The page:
Posted by: Katie May

By now, you may have begun hearing the buzz surrounding the novel turned movie, Still Alice, featuring Julianne Moore, Kristen Stewart, Alec Baldwin, Kate Bosworth and Hunter Parrish. The movie adaption of Lisa Genova’s 2007 bestselling novel opens in theaters January 16th and the Oscar buzz following its release will likely continue to get louder.

Lisa Genova is a Harvard professor of neuroscience, and in her debut novel writes about Alice Howland, a Harvard professor nationally renowned in linguistics. In the novel, Alice, is diagnosed with early onset Alzheimer’s disease at 50 years of age. Alice is married to an equally successful husband, and they have three grown children. At first, when Alice begins to grow forgetful she just dismisses it, but when she gets lost in her own neighborhood, she realizes that something is terribly wrong. The disease takes hold swiftly, and changes Alice’s relationship with her family and with her world.

The rise in Alzheimer’s disease is no secret. The Alzheimer’s Association indicates that every 67 seconds, someone in the United States develops the disease, and two-thirds of individuals diagnosed are women. Shockingly, according to the Alzheimer’s Association, a woman’s estimated risk of developing Alzheimer’s by age 65 is 1 in 6. Further, the disease is as real a concern to women’s health as breast cancer, as women in their 60s are about twice as likely to develop Alzheimer’s during the rest of their lives as they are to develop breast cancer.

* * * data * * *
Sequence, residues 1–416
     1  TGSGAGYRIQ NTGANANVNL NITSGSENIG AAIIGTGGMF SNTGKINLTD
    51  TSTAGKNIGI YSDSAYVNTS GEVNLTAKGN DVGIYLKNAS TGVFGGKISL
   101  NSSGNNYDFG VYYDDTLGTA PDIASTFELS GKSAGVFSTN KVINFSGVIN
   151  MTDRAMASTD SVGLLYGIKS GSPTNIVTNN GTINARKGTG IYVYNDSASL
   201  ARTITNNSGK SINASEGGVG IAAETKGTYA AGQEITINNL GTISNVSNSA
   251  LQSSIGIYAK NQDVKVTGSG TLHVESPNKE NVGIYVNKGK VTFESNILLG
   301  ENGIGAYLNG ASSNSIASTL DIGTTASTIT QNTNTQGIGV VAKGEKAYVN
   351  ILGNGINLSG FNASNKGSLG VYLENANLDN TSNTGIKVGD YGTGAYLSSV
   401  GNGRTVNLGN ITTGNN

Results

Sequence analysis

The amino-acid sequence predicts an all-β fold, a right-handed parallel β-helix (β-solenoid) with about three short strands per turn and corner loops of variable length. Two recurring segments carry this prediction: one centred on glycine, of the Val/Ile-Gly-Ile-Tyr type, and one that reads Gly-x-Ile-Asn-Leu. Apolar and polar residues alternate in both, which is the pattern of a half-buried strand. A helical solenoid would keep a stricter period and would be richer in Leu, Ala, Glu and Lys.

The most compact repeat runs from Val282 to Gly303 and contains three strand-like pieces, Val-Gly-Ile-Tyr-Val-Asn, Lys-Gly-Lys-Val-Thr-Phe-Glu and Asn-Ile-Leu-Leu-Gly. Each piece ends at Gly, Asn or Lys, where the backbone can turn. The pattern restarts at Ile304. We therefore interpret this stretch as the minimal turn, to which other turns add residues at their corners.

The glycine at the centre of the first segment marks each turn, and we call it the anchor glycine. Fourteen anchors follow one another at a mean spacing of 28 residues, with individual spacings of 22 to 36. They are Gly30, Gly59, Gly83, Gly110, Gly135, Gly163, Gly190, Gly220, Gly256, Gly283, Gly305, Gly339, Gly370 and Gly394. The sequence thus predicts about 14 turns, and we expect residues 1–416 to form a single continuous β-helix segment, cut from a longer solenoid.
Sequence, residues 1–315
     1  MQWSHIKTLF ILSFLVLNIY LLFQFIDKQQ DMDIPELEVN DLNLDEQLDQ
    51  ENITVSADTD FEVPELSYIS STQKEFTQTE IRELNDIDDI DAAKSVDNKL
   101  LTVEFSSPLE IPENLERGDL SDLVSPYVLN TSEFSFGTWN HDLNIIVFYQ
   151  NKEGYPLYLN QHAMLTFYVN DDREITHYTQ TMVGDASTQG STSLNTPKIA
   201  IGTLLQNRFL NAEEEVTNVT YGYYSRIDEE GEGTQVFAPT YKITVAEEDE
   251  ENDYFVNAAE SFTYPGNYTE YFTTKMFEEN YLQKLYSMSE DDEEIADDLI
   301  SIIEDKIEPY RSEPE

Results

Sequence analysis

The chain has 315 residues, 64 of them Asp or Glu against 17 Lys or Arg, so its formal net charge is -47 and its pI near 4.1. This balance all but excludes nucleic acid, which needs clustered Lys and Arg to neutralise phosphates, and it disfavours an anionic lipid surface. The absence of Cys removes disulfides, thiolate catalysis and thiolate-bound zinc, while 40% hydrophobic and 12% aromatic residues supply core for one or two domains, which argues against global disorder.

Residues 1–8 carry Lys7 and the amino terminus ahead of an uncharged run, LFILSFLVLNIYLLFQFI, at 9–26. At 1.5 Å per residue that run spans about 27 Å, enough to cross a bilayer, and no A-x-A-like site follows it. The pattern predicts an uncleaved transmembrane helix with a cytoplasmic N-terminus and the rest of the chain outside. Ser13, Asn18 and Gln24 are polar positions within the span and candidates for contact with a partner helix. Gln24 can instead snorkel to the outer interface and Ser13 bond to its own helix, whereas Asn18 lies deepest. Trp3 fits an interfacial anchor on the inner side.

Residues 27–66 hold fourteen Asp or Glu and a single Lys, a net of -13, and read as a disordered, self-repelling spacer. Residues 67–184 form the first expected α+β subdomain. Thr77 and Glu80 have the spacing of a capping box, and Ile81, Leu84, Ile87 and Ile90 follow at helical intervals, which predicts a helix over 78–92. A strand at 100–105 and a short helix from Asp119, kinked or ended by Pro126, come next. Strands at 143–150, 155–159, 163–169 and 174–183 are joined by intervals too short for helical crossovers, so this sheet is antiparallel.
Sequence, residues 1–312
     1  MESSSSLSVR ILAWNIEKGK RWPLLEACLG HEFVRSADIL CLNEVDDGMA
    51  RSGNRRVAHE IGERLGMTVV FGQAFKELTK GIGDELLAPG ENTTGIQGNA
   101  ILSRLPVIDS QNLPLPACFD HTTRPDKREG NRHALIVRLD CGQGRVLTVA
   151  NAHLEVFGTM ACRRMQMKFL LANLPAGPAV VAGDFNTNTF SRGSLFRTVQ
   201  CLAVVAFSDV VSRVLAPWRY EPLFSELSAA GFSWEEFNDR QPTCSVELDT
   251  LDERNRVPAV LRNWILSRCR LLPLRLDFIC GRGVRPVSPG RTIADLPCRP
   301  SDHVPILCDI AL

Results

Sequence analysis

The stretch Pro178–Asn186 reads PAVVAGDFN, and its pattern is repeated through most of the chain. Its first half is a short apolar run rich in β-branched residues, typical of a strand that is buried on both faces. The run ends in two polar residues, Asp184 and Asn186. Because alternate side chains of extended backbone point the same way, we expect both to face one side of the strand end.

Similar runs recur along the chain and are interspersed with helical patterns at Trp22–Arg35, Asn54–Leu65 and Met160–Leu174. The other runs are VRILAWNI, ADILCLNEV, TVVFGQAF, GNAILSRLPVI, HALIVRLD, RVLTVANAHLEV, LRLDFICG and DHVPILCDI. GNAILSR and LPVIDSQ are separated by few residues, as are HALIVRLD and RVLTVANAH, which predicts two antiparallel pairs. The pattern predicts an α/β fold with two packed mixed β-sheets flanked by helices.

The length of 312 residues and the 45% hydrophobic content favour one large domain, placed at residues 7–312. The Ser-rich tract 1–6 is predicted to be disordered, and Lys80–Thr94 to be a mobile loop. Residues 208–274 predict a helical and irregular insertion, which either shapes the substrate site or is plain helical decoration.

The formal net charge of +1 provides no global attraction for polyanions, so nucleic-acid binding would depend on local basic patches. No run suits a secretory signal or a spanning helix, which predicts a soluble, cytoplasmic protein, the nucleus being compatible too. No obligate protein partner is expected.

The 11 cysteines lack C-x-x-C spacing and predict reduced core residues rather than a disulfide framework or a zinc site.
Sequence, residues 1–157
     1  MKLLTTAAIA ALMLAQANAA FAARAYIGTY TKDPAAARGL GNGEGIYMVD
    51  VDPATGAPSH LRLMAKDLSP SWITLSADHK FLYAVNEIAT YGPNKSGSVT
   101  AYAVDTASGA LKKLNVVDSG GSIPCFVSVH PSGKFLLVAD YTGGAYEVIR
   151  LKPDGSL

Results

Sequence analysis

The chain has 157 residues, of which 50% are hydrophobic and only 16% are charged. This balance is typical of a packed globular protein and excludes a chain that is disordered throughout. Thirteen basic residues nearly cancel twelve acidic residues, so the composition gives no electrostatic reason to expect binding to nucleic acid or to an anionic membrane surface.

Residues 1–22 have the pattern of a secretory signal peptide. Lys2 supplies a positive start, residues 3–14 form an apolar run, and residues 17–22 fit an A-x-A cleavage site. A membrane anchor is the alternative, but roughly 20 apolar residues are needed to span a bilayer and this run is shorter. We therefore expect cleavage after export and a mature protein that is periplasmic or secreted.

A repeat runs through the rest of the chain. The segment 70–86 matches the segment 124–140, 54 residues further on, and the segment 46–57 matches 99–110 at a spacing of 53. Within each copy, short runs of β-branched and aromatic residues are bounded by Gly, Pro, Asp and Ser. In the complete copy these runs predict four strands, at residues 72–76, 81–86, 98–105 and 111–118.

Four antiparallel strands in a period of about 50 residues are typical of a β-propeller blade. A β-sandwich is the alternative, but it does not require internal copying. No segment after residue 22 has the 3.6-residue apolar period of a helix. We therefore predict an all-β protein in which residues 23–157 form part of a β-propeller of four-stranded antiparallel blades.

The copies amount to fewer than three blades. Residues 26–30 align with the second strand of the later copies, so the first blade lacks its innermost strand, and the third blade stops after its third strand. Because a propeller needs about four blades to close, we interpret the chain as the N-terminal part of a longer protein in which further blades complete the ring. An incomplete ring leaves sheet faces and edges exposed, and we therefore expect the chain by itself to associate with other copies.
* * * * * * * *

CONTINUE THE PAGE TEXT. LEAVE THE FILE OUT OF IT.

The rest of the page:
Inspired by The Shriver Report: A Woman’s Nation Takes on Alzheimer’s, Maria Shriver and the Alzheimer’s Association began the My Brain initiative which calls on 1 million women to use their amazing brains to help wipe out Alzheimer’s disease—one of the greatest threats to women’s health. More information on this initiative can be found at Shriver is the Executive Producer of “Still Alice.”

According to the Alzheimer’s Association’s website, “The Association assisted author Lisa Genova with her research, which included interviews with several members of past Early Stage Advisory Groups. The Association is also featured prominently in the book’s plot. In addition, the Association worked with Genova to create the Still Alice discussion guide, specifically for people living with Alzheimer’s. The guide — the first of its kind — is intended to help people with the disease use Alice’s story to connect with their experience and explain it to others.”

I am anxiously awaiting the release of this movie and am encouraged by the press it brings. I am hopeful it fuels the continued fight to find a cure and, at a minimum, provide comfort to those dealing with the devastation of Alzheimer’s Disease every day.